Why you need to care about white male privilege

You (and I don’t care who you are) should read this beautiful and challenging essay by Syreeta McFadden: Teaching the Camera to See My Skin.

If you have caucasian flavored skin, it has likely never crossed your mind that there are engineering challenges inherent in capturing light bouncing off everything in our complex world and transferring it to paper so that our eyes can recognize the image, unless you’re a fairly advanced photographer.  And even if you are one of these photographers, you probably have not thought about the problems created by manufacturers of film as they made choices – theoretically innocuous tradeoffs – in pursuit of marketshare and profits.

It’s real.  And it matters.  Read more

It matters what you wear (lawyers edition)

I was interested to read Amanda Hess’ recent Slate article on the perils of wardrobe choice for lawyers.  There’s a very strict, if not obvious or consistent, code of propriety for men and women – she outlines some of the challenges that apply to everyone, as well as the disproportionate impact on female lawyers, who had to pass the bar like everyone else but get reduced to sexpots if they wear the wrong heels.  The gender bias starts with the click bait title: Female lawyers who dress too “sexy” are apparently a “huge problem” in the courtroom.

None of this is a surprise to me.  One of the workshops I’m called upon to give at the undergraduate level at least a couple of times every year is my spiel on “Wardrobe – why you need to look the part.”  It’s the least fun workshop I give; pretty much just me, showing slides of good and bad wardrobe choices and getting the kids to articulate their assumptions and biases about a person based on their looks.  It’s ugly, it’s problematic on very many levels, and I keep doing it…because people really need it.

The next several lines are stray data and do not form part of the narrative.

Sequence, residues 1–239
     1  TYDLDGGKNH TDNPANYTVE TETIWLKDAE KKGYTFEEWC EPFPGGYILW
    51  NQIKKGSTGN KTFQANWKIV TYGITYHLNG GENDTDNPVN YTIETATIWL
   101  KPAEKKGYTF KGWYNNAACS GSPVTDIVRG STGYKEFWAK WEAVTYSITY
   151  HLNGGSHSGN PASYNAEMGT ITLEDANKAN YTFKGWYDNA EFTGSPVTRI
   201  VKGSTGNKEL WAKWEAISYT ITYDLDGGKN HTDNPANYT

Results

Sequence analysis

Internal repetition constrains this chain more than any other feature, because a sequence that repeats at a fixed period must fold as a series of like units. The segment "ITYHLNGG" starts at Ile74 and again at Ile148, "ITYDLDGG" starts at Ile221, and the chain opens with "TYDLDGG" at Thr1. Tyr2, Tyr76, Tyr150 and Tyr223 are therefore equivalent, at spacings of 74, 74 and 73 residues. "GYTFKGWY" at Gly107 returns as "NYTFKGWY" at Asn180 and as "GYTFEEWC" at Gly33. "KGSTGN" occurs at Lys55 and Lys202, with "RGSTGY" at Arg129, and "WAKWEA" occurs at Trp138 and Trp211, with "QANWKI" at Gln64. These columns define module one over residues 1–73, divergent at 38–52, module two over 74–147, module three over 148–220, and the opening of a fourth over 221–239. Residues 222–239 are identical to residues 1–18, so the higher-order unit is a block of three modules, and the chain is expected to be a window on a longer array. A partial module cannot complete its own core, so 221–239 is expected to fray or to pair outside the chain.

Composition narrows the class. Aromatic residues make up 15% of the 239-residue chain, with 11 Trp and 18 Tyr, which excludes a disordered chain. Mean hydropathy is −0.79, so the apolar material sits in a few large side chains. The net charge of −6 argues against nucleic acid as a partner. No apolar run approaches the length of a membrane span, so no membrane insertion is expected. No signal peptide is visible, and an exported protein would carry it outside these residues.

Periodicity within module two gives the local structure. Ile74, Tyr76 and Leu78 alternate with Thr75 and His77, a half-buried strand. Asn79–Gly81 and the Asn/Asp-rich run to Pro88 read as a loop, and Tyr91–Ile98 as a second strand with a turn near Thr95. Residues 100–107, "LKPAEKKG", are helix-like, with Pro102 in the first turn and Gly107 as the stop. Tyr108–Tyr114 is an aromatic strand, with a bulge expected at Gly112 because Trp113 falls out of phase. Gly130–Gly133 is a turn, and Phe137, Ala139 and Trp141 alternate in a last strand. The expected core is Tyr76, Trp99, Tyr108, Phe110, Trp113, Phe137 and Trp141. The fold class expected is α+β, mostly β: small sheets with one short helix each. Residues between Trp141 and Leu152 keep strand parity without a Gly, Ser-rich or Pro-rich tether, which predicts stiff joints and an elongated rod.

So here are some of my insights, based on four years of telling people how to dress for job interviews and internships. Read more

A nun calls it like it is

I don’t remember how I happened upon this essay, but it’s been sitting in my bookmarks for over a month in the “you really need to blog about this” queue, and today’s the day I’m ready to talk about it.  The title is grabbing: Even nuns get violent in meetings.  That’s right, I linked to it twice, because I want you to read it.  Really.

It’s worth a read to remind yourself about the value of truly working on your leadership skills as a way of building yourself into the leader you aspire to become, rather than the too often implicit focus of building your resume and inching up in an unreformed hierarchy that pervades leadership books and blogs and articles in the popular press.

But that’s not why it struck such a chord with me.  It’s the unapologetic identification of bad work behavior as violence.  Read more